Once you have sewn this down, fold your fabric down and re-pin along this edge. Sew along the edge of this to secure it down. Now iron the fabric down to give it a nice finish.
Repeat this step for the second strip of lace and fabric, which sits just above this.
Decorative-stitch your applique pieces
This is where I’m asking you to get creative with your decorative stitches. You could use a standard blanket or zig-zag stitch to sew your applique pieces on but instead, I want you to test out some of those beautiful decorative stitches that come built-in with your machine.
Now you should have the bottom fabric and lace completed, as well as the first layer of applique.
Now we can iron-on our remaining overlaying pieces of applique fabric for our second round of stitching.
Decorative stitch these pieces down.
Continue to apply your fabric until you have completed all of your applique pieces.
Decorating your pocket
Since I purchased this apron with a pocket already attached, I am going to unpick it with an unpicker tool. If you’re sewing your own apron you can simply cut out a pocket piece of fabric and apply the same techniques.
As shown below, I have stitched on the lace to the top and bottom of my pocket piece using a zip-zag stitch. Make sure you adjust your stitch length and width to make it quite small and stitch down as required from your lace. For example the left lace I have only stitched along the top edge. For the right piece of lace I have stitch down along the top and bottom.
Depending on your lace you can either fold it under at the edge of the pocket, or you can cut it right at the pocket edge and then stitch down the sides to secure all corners of the lace to your pocket piece.
Pin your pocket back onto your apron and then straight stitch your pocket back into place by sewing along the very edge of your pocket to avoid stitching over your beautiful lace.
Stitching the final top lace and fabric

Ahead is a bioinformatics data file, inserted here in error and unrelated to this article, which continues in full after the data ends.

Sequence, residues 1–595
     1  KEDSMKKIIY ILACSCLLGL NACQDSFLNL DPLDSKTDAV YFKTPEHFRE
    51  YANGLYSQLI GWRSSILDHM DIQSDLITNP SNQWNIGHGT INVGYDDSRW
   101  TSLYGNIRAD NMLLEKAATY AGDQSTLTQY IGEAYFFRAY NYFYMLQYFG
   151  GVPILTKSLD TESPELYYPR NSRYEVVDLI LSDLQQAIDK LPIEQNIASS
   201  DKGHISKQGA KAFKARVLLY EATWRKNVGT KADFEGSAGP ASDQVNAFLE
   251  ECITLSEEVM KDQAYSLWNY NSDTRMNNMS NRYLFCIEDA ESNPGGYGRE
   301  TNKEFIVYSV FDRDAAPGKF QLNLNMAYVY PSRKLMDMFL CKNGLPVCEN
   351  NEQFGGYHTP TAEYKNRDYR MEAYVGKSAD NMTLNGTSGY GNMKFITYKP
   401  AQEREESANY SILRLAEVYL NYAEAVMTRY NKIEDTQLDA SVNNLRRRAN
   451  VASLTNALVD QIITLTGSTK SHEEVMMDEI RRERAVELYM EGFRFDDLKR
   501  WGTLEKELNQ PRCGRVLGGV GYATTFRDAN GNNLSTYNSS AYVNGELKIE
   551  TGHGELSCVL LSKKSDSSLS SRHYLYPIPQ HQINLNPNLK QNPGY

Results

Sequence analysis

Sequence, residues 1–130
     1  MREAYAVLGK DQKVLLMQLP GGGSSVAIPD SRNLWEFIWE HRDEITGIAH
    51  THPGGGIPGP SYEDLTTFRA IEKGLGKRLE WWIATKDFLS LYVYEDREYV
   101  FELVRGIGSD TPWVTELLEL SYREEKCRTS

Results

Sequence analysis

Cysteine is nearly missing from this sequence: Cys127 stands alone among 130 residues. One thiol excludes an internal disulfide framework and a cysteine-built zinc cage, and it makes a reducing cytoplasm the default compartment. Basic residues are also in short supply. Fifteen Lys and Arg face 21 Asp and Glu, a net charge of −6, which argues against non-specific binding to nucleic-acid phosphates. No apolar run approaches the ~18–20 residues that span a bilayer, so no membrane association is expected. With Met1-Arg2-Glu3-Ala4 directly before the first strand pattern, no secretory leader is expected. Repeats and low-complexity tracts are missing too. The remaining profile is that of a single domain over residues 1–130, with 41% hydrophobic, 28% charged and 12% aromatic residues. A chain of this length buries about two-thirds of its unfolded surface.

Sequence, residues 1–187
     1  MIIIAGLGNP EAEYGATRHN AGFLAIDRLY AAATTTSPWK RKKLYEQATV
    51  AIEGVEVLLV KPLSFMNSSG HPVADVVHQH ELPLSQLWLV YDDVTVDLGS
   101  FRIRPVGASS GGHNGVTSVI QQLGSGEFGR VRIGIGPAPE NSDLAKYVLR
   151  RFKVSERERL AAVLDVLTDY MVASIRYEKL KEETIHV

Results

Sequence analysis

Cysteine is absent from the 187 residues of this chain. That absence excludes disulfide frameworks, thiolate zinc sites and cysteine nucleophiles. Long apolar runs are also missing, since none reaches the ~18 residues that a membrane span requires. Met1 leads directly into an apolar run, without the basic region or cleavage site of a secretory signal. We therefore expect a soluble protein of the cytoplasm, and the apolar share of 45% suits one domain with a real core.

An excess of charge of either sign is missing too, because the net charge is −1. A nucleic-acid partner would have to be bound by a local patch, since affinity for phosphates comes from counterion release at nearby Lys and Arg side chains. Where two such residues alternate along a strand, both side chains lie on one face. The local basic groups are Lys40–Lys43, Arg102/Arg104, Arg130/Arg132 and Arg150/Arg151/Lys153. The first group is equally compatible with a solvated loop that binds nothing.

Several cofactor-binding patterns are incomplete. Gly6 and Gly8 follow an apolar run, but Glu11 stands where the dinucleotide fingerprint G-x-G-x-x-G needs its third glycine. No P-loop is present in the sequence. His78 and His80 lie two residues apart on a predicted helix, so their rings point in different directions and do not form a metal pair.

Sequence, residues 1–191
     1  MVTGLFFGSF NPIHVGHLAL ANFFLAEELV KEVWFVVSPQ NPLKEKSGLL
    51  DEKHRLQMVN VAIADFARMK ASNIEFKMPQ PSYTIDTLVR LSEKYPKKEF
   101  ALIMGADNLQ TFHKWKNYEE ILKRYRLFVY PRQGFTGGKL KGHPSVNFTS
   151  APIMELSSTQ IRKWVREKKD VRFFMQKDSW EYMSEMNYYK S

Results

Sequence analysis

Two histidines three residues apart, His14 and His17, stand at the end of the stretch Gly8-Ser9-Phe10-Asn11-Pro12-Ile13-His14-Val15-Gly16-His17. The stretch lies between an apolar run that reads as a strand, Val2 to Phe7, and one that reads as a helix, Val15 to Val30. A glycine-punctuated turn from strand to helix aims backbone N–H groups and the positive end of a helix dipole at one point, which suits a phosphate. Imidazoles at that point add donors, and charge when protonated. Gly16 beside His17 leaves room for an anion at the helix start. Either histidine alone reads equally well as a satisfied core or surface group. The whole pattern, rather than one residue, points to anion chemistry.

We are going to apply the same technique as we did earlier in this tutorial. You can trim away the excess side of your fabric to run along the edge of your apron. Then tuck the lace fabric under along the three outside edges, as shown below. Stitch this down.
Place your fabric on your apron above it. You can use a pin or marker to create a line along where the apron edge runs. Turn the fabric inside out and stitch these two side edges.
Fold this inside out, iron out flat and then overlock or zig-zag the frayed length to give it a nice finish. Pin this in place, facing upwards above your lace on your apron and then stitch down 1/4 inch along the edge, as shown below.
Once sewn, fold this back down in place, then pin along the top edge. Stitch this down as close to the edge of your fabric to give it a nice finish. Iron down flat.
Now stitch down the very last piece of lace to the top of your apron. You can either fold it under as you did with the lace below it, or you can trim it to the edge of your apron and stitch along all three edges to secure it down. It will just depend on what type of lace you choose for your apron.
I have used a zig-sag stitch and adjusted my length and width to make the stitch smaller.
For this type of lace I ended up trimming the edges and then zig-zag stitched down the side as well, as shown below.
The completes your Shabby Chic Apron!
We hope you have learnt how to create an easy apron using basic sewing, stitching and applique techniques. If you create a Shabby Chic apron of your own, don’t forget to upload it to our Echidna Sewing Community Facebook page.
2 thoughts on “Create a ‘shabby chic’ apron”
Would I be able to get a hard copy of this pattern?
You could use the Apron pattern from the May sewalong? The link for that is here: https://echidnasewing.blog/2018/04/30/charity-sewalong-may-2018/
Or would you instead like a copy of the blog post as a printable pdf? Let us know and we will certainly help you out. Feel free to email us at email@example.com.